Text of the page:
How to Use a Dog Whistle

How to Use a Dog Whistle

There aren’t many solutions as useful as the good old-fashioned dog whistle if you want to order your dog discreetly and effectively.

It makes it simple for you to communicate with your dog, and unlike your voice, it won’t be muffled by the other noise pollution you could hear outside.

Nevertheless, utilizing one requires some knowledge before you can simply take it outdoors and blow on it. You may use one of these gadgets to make sure that your dog reacts to you each and every time by following the instructions in the tutorial below.

History and effect of dog whistle

Sir Francis Galton created the dog whistle in 1876. Galton first intended to use it to measure the range of human hearing, but soon realized that our furry companions had a remarkable capacity for hearing high-pitched noises up to 45,000Hz (frequency range for humans is about 18,000Hz).

It is crucial to understand that these whistles are not quiet. They produce a tone at around 35,000 Hz that is audible to people but piercing to dogs. It is an excellent weapon for hunting or herding dogs since it can cover quite long distances.

However, a dog just perceives this whistle as an unconditioned stimulus. Barking, howling, or agitation cannot be treated with it by mere application. The dog must still be trained using classical and/or operant conditioning to respond to it.

Different Whistle Types

Dog whistles can be classified as either quiet, having a pea or not, or having two tones.

Whistles that are silent (also known as “ultrasonic”) function at a pitch that is inaudible to humans. However, your dog will undoubtedly be able to sense it, so employing one of these will allow you to summon your dog without upsetting nearby residents.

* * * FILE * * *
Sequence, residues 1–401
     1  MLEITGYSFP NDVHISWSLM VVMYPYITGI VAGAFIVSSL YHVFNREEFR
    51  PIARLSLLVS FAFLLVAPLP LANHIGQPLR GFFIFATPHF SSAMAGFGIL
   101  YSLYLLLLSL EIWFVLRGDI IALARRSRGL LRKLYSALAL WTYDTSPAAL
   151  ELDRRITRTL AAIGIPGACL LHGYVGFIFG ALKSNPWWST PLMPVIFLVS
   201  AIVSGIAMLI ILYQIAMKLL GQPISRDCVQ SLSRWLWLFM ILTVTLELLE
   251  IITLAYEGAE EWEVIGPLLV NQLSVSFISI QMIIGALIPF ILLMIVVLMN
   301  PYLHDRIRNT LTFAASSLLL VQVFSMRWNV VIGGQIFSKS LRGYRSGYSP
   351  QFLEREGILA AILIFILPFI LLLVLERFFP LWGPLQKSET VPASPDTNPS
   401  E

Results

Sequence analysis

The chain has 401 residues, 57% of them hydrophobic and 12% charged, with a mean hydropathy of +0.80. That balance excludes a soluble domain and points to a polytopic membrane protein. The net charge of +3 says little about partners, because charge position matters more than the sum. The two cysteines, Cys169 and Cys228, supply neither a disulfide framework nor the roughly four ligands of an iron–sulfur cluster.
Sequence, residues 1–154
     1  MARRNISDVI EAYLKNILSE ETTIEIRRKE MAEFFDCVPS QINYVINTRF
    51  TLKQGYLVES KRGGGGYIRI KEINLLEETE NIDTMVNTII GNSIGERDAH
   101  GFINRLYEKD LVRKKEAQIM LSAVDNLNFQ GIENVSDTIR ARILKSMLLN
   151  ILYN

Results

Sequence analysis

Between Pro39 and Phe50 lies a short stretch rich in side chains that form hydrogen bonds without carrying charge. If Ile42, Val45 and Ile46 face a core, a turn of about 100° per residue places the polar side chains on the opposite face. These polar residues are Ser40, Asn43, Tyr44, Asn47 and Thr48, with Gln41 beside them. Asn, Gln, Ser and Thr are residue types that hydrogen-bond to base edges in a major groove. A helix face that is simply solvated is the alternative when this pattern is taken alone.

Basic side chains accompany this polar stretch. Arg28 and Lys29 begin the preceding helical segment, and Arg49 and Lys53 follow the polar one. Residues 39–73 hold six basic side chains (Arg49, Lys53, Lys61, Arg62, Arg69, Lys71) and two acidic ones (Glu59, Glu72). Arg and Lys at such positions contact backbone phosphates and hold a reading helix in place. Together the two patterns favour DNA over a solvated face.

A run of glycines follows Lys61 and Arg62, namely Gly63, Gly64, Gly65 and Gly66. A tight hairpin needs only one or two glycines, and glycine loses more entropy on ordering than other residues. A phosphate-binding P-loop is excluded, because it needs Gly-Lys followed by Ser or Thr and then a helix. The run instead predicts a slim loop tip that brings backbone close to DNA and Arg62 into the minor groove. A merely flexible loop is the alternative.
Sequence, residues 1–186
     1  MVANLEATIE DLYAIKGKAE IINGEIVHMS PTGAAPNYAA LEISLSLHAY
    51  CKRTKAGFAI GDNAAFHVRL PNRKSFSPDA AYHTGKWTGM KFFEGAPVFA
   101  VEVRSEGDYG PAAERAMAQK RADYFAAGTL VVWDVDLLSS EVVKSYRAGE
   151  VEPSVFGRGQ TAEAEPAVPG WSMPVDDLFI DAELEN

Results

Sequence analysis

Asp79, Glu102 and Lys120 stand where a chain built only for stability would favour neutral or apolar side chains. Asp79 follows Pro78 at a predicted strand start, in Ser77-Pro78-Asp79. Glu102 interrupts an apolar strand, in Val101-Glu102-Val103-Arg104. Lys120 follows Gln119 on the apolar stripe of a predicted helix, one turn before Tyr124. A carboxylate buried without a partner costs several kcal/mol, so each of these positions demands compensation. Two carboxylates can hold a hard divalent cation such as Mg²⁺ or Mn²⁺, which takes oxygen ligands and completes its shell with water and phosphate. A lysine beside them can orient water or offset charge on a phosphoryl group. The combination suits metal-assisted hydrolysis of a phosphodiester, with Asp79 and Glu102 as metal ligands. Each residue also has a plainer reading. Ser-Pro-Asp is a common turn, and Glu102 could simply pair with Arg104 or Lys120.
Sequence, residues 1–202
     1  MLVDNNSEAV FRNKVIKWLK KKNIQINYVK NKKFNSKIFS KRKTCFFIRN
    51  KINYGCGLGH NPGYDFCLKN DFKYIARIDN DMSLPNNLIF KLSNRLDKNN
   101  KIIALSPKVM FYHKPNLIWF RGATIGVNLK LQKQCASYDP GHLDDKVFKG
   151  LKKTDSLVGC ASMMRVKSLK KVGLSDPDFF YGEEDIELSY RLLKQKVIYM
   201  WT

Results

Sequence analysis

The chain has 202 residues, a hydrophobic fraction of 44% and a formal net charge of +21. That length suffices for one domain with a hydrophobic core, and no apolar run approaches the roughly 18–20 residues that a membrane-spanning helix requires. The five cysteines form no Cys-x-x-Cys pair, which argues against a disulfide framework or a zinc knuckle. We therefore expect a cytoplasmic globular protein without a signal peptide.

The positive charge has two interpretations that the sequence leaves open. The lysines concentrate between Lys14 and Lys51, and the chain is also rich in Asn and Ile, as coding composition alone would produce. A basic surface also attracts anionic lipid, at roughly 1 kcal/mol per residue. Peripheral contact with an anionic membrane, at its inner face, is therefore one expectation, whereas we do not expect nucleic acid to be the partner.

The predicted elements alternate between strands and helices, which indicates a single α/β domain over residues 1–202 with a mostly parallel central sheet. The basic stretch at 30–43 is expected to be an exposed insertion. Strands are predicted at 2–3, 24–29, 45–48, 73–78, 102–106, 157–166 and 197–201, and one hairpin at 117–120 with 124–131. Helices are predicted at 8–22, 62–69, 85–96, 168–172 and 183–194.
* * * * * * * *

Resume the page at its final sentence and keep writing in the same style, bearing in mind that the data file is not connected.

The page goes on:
Some whistles feature a little ball inside called a “pea” that rattles as you blow on it, allowing you to produce a variety of sounds. These are useful if you wish to link certain instructions to various frequencies.

The pea could freeze if you reside in a cold region, rendering it unusable. As a consequence, they produce whistles that perfectly mimic pea-less whistles. These are less versatile in terms of sound than their contemporaries, but they are more dependable in bad weather.

Finally, we have whistles with two tones. There are two separate tones (and often two different areas for you to blow on). You may experiment to determine which tone gets the best reaction from your dog or you can give each tone a different command.

Do dog whistles work better for some training methods than others? For example, do they work better for teaching dogs to sit?

There are several applications for dog whistles. As it is more recognizable and discrete than a human voice, recall training is most frequently linked with it. The dog whistle, on the other hand, may be used to silence barking, teach fundamental obedience, or even alter certain habits.

Keep in mind that a dog whistle is just another sound in the world without adequate training. If not utilized appropriately, they will eventually get desensitized to it and learn to ignore it, just like they do with other sounds.

Only Use the Whistle for Positive Things

Your dog will rapidly learn to turn away when they hear the whistle if you call them to you by whistling just to punish them for gnawing on your shoes.

As a consequence, you should educate your dog that when they hear the whistle, wonderful things are waiting for them. If they arrive when you blow for them, profusely thank them for coming by giving them gifts or compliments.

Your dog will soon cease reacting to the whistle if you ever, ever penalize them for it.

When teaching a dog, always give extravagant rewards, especially in the beginning.

If the dog doesn’t return back for whatever reason, stop whistling. The last thing you want to do is just stand there whistling and have the dog ignore you; it will go horribly wrong and will also indicate that the sound-association work hasn’t been adequately laid up as a foundation yet. Perhaps you should use different teaching methods, like choosing dog collars. If you did decide to purchase those collars, be sure to also get these dog collar batteries.


You’ll start to wonder why you ever bothered with a clicker or spoken orders once you start training your dog to respond to a whistle. A whistle may have a higher learning curve at first, but after your dog masters it, you’ll discover that it makes delivering them orders simpler than ever.

Using a whistle has other benefits besides just being simple, of course. The true allure is when you can use the whistle to demonstrate to other people how much better behaved your dog is than theirs in public.

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